We have earlier discussed the meaning of Romans 3:25-26 at some length. Forgive me for putting in my own translation. I just can’t find one that does it right, in my opinion:
For God showed Him publicly dying as a means of reconciliation [at-one-ment]. This was to demonstrate God’s own righteousness . . . to show that He Himself is righteous and not as His enemies have made Him out to be. And because He is righteous and trustworthy, He sets right everyone who trusts in Jesus (Maxwell).
Paul confessed with shame that formerly he had misrepresented God. He had believed Satan’s lies to the extent that he used force, even stoning, to compel people to obey (based in part on 1 Timothy 1:12-16). But after Paul accepted the good news, he devoted the rest of his life to telling the truth. Who has written more eloquently about freedom, about love, and about trust than Paul? Who else has so clearly assured us that all God asks of us is trust (Rom 1:16-17), that we are not under law, but under grace (Rom 6:14-15), and that there is no need to be afraid of God (Rom 8:15)? Paul had learned the truth about God that sets His children free.
You may remember Jesus’ words: “You will know the truth and the truth will set you free.” John 8:32, Williams. For Jesus, in John, “the truth” is always the truth about His Father (John 1:17-18; 14:9). You see, if God were the kind of person Satan has made Him out to be, there would be no freedom. There would only be the bondage of fear (Rom 8:15). But Paul had learned the truth, and now he took it everywhere he could. He took it to the Galatians. And when he brought them the truth, he also brought them freedom. They loved it at first. Then they turned away from it. He urged them: “This is the freedom with which Christ has made us free. So keep on standing in it, and stop letting your necks be fastened in the yoke of slavery again.” Gal 5:1, Williams.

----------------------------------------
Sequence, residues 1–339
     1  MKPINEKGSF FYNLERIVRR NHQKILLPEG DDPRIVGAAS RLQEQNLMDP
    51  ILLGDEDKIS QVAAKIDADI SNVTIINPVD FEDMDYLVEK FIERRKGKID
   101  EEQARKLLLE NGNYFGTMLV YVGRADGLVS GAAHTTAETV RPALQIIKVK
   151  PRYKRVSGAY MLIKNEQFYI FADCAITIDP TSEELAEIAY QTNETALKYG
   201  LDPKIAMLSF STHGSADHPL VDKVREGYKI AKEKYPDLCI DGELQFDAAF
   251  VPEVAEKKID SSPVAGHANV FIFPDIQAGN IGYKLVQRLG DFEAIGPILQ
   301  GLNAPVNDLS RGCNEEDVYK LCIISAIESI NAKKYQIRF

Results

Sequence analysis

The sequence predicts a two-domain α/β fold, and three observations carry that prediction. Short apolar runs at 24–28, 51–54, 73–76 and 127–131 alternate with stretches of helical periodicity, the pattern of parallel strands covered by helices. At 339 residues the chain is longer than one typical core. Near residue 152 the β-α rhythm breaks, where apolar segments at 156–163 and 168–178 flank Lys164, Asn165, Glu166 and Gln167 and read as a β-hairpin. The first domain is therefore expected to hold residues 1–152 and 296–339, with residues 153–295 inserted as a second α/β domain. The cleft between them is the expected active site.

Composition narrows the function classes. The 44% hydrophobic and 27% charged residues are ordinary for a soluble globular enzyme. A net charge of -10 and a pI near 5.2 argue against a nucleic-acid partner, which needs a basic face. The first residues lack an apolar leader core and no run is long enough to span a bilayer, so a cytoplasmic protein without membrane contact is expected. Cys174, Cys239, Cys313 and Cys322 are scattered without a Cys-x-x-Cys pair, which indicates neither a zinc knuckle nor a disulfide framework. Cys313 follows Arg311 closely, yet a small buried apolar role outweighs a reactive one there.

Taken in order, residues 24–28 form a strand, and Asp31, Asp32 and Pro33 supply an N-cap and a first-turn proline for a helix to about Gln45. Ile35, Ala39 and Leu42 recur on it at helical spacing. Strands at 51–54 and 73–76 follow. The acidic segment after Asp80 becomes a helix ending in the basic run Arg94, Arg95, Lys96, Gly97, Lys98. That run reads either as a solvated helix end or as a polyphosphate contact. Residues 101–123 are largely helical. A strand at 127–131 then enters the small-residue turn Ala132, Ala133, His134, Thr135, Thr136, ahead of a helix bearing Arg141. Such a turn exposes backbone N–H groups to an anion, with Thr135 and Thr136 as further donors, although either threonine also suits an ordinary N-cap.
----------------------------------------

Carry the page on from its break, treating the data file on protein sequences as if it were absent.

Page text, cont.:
There was a time in Paul’s life when he himself was satisfied with the obedience that resulted from law and from fear. He thought it was the right thing to do, what the sovereign God preferred. But once Paul discovered the good news, the truth, he realized that God does not want the obedience that springs from law and from fear. He wants the obedience of faith; the obedience that comes from free people who agree with God that this is the right thing to do. They agree so fully, they don’t even need to be told to do so. They do what is right because they agree that it is right.
Notice Paul’s understanding of his commission in Romans 1. He begins the book by saying, “I have been called to make known God’s good news about Him and about His Son” (based on Romans 1:1). Then he goes on with these words: “Jesus Christ our Lord, through whom I have received grace and a commission for His Name’s sake to win men to the obedience that springs from faith. . . .” Rom 1:4-5, Weymouth. Not the obedience that springs from law, but the obedience that springs from faith. What produces this obedience that springs from faith? Isn’t it the good news about our God, the kind of person He is, that leads us to a willingness to listen (the definition of obedience)? Isn’t it how highly He values our freedom, and how infinitely worthy He is of our love and trust, that leads us to loyalty? “Here are they who keep God’s commandments and maintain their loyalty to Him and to His Son” (based on Revelation 14:12).